I measured the combined thickness of the carriage and ledge at its highest end and set the planer to remove about '/16 in. of that. I made repeated light passes. Each successive pass created more and more of an incline.

When the taper was finished, I gripped the carriage between bench dogs and hand planed the chatter marks from the ledge's surface. I removed the ledge from the carriage, chiseled away the pine spacers and planed off any residue. Then I cut the ledge to length.

When a shooting board is in use, small particles of shavings collect along the fence and can lift the plane out of square. A dust groove in the base prevents this. To locate the groove, I positioned the ledge on the base and traced a line using the fence as a guide. I made the groove along the line with a Stanley #10 bench rabbet plane held on its right edge as shown in the photo. The first pass was slow but scored a track that the plane could follow. I continued cutting until the groove was about V* in. wide by 'A* in. deep.

Next, I attached the ledge to the base with drvwall screws and countersunk their heads.

The two surfaces created by the tops of the base and ledge have to be perfectly parallel across their widths. If not, the finished edge will be out of square. I tested the two surfaces by standing two squares back to back, one on the ledge, the other on the base as shown. When butted together, the blades should be parallel. If not. adjust the ledge by planing the high spots with a hand plane.

The stop is 1 x I x 6 in. and made of a scrap of hardwood. The only critical dimension is the height. It should be as high as the thickest piece you will have to shoot. Otherwise, when squaring the end of a board, the work's upper corner will not be supported and will chip. Note that the front end of the stop is angled slightly backward, as shown in the drawing, so the plane can't chip the far edge of the stop.

The stop cannot be placed at the very end of the ledge because the plane tends to rock as it passes over

MARCH/APRIL 1 989 A 47



Shooting Board

the end of the fence. I positioned the stop 2'/: in. from the end of the ledge as shown in the drawing. To make sure it was square, I laid a square against the fence and traced a line against which the slop was screwed.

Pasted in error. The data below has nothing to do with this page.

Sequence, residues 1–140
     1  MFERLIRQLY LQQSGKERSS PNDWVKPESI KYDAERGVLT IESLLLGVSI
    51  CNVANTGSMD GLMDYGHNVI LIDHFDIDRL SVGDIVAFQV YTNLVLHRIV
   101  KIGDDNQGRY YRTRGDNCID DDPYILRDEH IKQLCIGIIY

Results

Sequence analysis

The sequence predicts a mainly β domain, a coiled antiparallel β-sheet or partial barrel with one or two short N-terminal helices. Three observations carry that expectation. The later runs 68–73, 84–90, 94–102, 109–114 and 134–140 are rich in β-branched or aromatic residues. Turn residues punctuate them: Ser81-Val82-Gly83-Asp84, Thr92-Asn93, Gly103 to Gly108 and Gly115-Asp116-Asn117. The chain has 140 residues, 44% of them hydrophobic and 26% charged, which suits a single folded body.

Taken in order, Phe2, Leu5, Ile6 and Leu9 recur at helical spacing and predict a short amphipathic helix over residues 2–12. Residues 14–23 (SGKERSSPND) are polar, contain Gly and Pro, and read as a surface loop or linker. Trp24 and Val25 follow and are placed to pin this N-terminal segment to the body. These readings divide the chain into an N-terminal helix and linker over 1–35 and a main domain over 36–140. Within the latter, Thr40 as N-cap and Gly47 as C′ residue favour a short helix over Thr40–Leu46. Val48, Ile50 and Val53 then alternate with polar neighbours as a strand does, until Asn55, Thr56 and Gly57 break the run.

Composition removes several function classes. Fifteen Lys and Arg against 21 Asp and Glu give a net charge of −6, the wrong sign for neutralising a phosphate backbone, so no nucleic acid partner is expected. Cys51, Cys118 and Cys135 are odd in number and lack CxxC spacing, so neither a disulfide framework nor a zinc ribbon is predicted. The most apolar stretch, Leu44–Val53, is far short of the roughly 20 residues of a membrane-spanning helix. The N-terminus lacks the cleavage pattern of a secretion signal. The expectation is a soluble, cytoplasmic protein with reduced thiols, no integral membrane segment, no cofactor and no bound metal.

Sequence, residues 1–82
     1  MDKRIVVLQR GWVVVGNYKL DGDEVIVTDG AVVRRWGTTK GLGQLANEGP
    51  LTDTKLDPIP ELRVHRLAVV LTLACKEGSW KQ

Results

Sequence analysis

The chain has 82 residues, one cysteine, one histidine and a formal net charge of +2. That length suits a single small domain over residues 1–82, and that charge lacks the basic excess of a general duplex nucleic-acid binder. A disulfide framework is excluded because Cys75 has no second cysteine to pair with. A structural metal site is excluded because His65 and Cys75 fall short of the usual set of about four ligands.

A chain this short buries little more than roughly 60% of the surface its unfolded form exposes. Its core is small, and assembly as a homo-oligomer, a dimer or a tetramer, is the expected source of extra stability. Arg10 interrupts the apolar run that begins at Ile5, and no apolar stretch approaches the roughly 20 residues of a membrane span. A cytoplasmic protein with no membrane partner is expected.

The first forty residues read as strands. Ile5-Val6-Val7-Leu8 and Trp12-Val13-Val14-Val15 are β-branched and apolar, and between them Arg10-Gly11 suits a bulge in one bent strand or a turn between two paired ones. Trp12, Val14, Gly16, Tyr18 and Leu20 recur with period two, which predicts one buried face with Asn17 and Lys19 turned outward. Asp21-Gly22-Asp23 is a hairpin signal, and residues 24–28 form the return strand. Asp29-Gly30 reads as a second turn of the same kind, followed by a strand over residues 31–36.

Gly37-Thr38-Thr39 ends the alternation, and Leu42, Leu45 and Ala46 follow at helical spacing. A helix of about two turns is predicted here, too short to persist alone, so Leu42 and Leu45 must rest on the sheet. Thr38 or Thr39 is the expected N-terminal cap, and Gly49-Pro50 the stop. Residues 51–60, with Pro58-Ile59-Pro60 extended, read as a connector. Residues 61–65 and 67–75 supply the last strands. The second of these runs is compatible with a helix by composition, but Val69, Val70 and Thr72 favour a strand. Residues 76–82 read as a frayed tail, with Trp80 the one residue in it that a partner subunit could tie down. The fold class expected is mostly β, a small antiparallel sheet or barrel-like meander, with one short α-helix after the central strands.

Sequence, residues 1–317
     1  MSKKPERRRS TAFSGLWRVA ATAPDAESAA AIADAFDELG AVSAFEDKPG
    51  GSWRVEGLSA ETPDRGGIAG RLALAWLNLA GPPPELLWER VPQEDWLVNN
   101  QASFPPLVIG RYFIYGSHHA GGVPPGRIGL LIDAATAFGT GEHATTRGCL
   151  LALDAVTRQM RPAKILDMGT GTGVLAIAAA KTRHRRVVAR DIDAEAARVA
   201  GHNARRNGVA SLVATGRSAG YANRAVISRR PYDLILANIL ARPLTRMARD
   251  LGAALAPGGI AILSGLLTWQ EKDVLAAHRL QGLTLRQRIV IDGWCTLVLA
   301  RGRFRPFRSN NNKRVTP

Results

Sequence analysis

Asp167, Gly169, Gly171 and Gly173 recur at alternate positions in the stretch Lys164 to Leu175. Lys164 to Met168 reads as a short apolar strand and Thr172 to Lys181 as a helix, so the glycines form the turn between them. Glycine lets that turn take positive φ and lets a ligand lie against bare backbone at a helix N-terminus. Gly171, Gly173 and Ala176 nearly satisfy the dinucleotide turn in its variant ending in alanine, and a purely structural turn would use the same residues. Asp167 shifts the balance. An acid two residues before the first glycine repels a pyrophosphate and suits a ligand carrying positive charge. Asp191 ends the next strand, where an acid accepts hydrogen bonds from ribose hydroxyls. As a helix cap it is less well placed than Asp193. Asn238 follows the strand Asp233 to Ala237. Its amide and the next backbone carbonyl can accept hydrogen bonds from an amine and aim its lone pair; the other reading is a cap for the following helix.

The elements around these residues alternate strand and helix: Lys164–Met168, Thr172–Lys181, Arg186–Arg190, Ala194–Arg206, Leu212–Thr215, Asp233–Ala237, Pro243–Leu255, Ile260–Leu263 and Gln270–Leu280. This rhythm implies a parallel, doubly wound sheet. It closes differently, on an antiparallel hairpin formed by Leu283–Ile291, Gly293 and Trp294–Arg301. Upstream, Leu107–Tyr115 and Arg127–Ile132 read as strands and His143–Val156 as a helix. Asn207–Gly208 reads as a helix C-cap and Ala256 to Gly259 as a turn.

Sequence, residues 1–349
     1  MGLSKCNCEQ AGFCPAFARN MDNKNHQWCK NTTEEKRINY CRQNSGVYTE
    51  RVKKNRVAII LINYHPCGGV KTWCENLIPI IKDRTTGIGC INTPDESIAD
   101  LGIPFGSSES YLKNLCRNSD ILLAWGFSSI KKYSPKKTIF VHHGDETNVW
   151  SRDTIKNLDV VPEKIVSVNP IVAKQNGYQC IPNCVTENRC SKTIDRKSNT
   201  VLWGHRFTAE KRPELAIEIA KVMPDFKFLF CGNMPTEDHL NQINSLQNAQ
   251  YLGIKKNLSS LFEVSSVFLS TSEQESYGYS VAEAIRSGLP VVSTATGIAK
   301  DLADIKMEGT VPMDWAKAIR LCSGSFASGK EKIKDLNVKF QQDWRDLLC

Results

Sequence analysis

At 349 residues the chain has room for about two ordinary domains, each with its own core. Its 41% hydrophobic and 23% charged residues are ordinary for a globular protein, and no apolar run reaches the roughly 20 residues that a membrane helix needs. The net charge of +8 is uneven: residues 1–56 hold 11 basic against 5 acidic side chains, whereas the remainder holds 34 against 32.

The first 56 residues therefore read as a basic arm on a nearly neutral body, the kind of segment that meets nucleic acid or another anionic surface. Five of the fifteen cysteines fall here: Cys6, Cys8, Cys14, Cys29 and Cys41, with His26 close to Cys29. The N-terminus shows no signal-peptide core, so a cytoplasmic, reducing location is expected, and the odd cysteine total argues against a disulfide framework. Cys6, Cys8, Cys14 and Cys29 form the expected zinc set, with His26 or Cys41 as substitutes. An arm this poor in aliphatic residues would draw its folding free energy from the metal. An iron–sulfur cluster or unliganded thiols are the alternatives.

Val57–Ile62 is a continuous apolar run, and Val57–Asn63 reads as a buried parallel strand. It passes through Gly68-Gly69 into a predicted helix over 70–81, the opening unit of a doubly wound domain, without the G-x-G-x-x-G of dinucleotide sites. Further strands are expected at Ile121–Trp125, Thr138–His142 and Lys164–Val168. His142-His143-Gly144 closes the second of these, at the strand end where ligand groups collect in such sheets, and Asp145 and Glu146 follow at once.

When the shooting board was complete I applied a layer of paste wax to the base. That reduces friction making the plane easier to push.

The plane has to be razor sharp and well-tuned. It also has to fit your shooting board. My shooting board is fairly large so I use a Stanley #5 jack and sometimes a #7 jointer. On a very small board you might even use a block plane.

It is critical that the plane's sole be square with its right side. Normally, a bench plane's cutting edge is slightly curved to prevent the corners from digging. For shooting, the cutting edge has to be straight. I ensure this by first spraying the flat side of the cutter with machinist's layout fluid, a fast-drying colored dye (available from MSC Industrial Supply. 151 Sun-nyside Blvd., Plainview, NY I 1803). When the dye is dry, I lav a square on the blade and trace a line with a scratch awl. I grind the edge to this line. It is impera-

French Polish Live Edge
To make the planer Jig that tapers the ledge, shim up one end of the ledge, and cut other shims to fill the gap. Screw the shims to the ledge and to a base and run the entire assembly through the planer.

live that you hone the cutter so it is razor sharp.

Finally, advance the frog so the mouth is literally paper thin. To do this, loosen the two screws that hold the frog to the body, and turn the adjustment screw as shown in the photo. Adjust the cutter to take a very fine shaving, being sure that the edge is perfectly parallel to the sole.

Unfortunately, a plane with a straight cutting edge on the blade will not work well on the bench, so I have

Cut the dust groove with a rabbet plane rolled up on edge; a two-handed grip provides better control.



Running Wood Through Planer
To taper the ledge, run the carriage through planer, removing wood along dotted line. Take light passes.



Mike Dunbar is a furniture maker, author of sexvral books, and a contributing editor of AMERICAN WOODWORKER.

The surfaces of the ledge and base are parallel if the blades of squares set on each surface are also parallel.

Adjust the mouth of your shooting plane for a paper-thin cut by turning a screw on the plane's frog.

The surfaces of the ledge and base are parallel if the blades of squares set on each surface are also parallel.

Adjust the mouth of your shooting plane for a paper-thin cut by turning a screw on the plane's frog.

designated one plane specifically for shooting. A less expensive alternative (but more work) is to buy a replacement cutter that you put in the plane when using your shooting board.

Shooting a Board

In use, a shooting board will slide all over the workbench unless secured. I grip my shooting board be tween the bench dogs; other cabinetmakers secure their shooting board by screwing a strip of wood underneath it as shown in the drawing. The strip hooks over the end of the workbench and holds the shooting board in place.